Gluten-free labeling now has a standard in the US
Prior to 2014, a gluten-free label didn’t necessarily mean the product was free of gluten because there was no labeling standard in place. As of August 5, 2014, FDA-regulated packaged foods bearing a gluten-free claim must meet the following requirements: the food either must be inherently gluten-free; or shall not contain an ingredient that is: 1) a gluten-containing grain (e.g., spelt wheat); 2) derived from a gluten-containing grain that has not been processed to remove gluten (e.g., wheat flour); or 3) derived from a gluten-containing grain that has been processed to remove gluten (e.g., wheat starch), if the use of that ingredient results in the presence of 20 parts per million (ppm) or more gluten in the food. Also, any unavoidable presence of gluten in the food must be less than 20 ppm. This rule does not apply to USDA (meat, poultry, some egg products) or TTB (alcoholic beverages) regulated foods.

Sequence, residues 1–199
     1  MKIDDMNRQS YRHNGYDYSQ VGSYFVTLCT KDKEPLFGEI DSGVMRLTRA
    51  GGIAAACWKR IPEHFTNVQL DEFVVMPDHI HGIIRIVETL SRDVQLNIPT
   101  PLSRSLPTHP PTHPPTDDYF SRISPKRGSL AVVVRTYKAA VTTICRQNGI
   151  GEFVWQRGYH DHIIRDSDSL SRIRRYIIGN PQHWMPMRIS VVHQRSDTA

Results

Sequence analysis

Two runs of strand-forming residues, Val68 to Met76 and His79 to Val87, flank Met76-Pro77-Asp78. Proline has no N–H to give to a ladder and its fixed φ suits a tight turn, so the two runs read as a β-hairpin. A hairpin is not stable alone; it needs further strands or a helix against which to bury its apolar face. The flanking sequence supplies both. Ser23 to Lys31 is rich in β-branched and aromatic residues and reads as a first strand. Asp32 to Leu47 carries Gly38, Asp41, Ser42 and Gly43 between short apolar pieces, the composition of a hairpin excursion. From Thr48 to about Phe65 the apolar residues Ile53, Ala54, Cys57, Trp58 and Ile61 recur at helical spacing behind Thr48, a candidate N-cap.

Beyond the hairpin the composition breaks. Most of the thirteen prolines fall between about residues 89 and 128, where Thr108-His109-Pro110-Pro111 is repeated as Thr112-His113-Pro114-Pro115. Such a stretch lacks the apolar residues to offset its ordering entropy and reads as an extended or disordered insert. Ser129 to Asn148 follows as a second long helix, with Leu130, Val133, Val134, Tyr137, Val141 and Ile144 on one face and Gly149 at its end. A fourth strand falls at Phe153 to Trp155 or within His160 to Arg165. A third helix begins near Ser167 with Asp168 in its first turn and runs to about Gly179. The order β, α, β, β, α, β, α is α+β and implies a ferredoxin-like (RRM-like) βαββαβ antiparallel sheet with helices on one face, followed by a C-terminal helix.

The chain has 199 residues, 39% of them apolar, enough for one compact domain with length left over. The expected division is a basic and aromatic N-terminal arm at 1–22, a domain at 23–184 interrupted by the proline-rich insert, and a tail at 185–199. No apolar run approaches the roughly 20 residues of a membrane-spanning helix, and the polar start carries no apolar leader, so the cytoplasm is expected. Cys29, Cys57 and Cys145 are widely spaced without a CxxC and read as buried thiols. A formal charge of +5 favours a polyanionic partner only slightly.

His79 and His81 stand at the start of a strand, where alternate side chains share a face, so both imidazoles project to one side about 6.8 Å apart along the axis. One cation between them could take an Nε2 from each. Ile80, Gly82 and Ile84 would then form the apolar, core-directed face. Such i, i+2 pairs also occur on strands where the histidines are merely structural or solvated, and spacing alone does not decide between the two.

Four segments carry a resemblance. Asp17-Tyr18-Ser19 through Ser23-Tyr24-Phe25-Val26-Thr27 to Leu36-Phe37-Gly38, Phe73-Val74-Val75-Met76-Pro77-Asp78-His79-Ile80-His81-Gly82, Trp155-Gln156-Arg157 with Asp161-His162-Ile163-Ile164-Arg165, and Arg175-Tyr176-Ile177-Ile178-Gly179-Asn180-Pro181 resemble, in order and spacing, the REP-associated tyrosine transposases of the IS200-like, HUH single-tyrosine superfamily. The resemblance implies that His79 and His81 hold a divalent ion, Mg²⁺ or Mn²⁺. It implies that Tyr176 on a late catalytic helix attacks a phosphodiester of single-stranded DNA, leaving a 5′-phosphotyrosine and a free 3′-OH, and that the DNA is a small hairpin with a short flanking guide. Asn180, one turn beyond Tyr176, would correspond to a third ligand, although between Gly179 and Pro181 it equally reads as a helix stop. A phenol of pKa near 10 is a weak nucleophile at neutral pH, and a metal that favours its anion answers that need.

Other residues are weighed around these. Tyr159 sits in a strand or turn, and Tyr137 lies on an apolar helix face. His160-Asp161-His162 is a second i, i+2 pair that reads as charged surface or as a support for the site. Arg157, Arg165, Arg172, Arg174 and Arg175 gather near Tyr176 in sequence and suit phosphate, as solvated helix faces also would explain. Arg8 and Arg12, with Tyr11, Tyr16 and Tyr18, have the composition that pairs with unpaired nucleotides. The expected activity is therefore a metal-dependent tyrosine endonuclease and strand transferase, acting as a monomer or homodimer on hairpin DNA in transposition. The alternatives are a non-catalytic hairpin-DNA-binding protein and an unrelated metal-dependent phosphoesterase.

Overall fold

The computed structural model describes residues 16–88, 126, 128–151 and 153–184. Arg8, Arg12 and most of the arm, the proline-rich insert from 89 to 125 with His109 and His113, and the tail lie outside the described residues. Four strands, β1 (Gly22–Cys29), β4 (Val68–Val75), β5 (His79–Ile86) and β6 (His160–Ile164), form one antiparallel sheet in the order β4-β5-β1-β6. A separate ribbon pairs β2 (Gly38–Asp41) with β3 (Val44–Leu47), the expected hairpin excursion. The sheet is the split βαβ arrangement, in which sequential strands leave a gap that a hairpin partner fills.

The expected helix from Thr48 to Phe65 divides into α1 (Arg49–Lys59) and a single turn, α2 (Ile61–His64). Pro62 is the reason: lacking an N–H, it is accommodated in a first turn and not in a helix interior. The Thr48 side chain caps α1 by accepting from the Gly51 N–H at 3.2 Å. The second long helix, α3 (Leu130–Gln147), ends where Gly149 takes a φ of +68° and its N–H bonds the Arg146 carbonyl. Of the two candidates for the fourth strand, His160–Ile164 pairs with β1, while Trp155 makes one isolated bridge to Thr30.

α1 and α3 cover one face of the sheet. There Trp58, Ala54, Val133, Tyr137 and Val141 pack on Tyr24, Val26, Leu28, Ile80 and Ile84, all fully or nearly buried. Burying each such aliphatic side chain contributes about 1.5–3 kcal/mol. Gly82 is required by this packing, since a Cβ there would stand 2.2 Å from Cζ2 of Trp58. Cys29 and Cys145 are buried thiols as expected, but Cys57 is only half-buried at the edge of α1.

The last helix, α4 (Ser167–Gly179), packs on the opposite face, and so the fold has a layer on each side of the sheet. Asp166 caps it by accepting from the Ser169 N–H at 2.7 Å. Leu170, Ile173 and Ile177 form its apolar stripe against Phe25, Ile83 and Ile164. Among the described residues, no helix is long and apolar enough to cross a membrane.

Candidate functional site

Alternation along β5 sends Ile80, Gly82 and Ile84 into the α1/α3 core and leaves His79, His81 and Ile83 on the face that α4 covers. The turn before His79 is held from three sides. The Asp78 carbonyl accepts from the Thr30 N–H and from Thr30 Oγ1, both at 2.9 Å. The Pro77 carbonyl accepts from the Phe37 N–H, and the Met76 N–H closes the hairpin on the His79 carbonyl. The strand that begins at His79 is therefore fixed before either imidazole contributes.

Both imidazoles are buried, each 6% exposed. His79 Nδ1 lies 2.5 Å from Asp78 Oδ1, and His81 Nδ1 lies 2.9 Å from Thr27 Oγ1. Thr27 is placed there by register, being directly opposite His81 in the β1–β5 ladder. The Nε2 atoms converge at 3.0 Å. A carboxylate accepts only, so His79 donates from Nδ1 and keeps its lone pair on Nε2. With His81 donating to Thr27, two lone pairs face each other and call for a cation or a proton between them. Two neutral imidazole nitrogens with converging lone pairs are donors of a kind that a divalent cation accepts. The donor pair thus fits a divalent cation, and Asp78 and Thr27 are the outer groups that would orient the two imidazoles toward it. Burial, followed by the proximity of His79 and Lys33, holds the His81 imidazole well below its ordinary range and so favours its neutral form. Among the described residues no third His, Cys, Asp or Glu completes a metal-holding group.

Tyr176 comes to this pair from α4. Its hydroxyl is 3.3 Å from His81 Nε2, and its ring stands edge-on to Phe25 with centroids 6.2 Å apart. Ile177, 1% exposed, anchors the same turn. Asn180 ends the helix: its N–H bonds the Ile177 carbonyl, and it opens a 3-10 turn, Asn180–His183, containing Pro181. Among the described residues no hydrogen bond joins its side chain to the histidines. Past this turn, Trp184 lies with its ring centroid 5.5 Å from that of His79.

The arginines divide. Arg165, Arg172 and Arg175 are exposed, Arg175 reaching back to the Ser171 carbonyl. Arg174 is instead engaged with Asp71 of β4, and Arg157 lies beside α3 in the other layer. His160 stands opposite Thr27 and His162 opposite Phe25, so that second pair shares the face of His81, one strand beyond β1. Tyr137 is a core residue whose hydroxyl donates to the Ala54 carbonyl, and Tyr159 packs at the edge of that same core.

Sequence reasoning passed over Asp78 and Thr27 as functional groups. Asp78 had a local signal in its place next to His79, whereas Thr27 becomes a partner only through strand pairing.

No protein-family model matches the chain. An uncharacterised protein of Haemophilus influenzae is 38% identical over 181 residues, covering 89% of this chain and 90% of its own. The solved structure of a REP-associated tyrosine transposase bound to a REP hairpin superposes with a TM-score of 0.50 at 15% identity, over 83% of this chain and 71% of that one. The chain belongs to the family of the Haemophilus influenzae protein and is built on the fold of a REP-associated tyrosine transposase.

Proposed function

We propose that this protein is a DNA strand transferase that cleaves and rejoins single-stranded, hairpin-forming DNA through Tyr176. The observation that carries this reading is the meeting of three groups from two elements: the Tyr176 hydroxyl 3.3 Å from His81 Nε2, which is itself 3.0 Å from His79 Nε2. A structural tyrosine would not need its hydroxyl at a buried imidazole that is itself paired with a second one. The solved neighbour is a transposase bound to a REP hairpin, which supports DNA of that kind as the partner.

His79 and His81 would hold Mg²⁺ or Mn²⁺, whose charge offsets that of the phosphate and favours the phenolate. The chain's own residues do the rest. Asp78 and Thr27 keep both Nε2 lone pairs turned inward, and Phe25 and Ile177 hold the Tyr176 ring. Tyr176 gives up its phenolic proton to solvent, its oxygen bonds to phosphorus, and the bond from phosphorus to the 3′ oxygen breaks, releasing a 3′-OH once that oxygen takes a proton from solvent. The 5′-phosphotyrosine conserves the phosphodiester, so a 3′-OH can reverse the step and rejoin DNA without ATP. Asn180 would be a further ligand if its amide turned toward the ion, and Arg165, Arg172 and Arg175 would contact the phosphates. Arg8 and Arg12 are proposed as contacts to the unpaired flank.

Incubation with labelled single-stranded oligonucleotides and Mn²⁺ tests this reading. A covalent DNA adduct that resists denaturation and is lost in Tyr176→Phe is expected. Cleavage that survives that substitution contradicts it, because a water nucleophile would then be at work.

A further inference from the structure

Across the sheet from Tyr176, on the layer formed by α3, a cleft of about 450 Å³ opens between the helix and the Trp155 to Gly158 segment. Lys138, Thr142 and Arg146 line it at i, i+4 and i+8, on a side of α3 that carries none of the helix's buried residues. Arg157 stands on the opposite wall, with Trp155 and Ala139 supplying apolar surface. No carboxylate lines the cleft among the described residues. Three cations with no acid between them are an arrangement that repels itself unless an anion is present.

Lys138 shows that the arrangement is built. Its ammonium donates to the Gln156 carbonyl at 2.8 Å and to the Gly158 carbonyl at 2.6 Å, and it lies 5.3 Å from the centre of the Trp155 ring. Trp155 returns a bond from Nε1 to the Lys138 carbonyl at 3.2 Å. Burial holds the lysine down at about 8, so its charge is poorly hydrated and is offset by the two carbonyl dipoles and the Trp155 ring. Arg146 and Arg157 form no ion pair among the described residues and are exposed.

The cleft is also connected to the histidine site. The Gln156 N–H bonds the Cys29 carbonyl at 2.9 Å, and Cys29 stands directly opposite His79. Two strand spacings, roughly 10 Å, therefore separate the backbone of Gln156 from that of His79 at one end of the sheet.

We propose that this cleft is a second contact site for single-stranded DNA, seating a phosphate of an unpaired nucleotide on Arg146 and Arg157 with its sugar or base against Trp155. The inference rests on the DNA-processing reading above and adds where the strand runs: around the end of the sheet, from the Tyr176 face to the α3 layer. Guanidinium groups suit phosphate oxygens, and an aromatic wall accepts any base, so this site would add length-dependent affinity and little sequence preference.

Testing for celiac disease has increased
Doctors are more likely to test for celiac disease now than they were in 2004. The average length of diagnosis from onset of symptoms currently ranges from 6 – 10 years in the US. New screening tests are in development that may increase test rates in the future.
Experimental treatment is being tested
Research at Walter and Eliza Hall Institute of Medical Research in Australia has led to the development of Nexvan2®, a product that aims to retrain the immune system to tolerate gluten. This treatment is currently being studied in clinical trials led by ImmusanT of Cambridge, MA. A Phase 2 study is scheduled to begin this year. If you would like to participate in ImmusanT studies, visit http://www.immusant.com/patient-resources/learn-more.php.
Looks like quite a few things have changed for the better in the gluten-free world! On balance, there are still things that can be improved.
More information can lead to confusion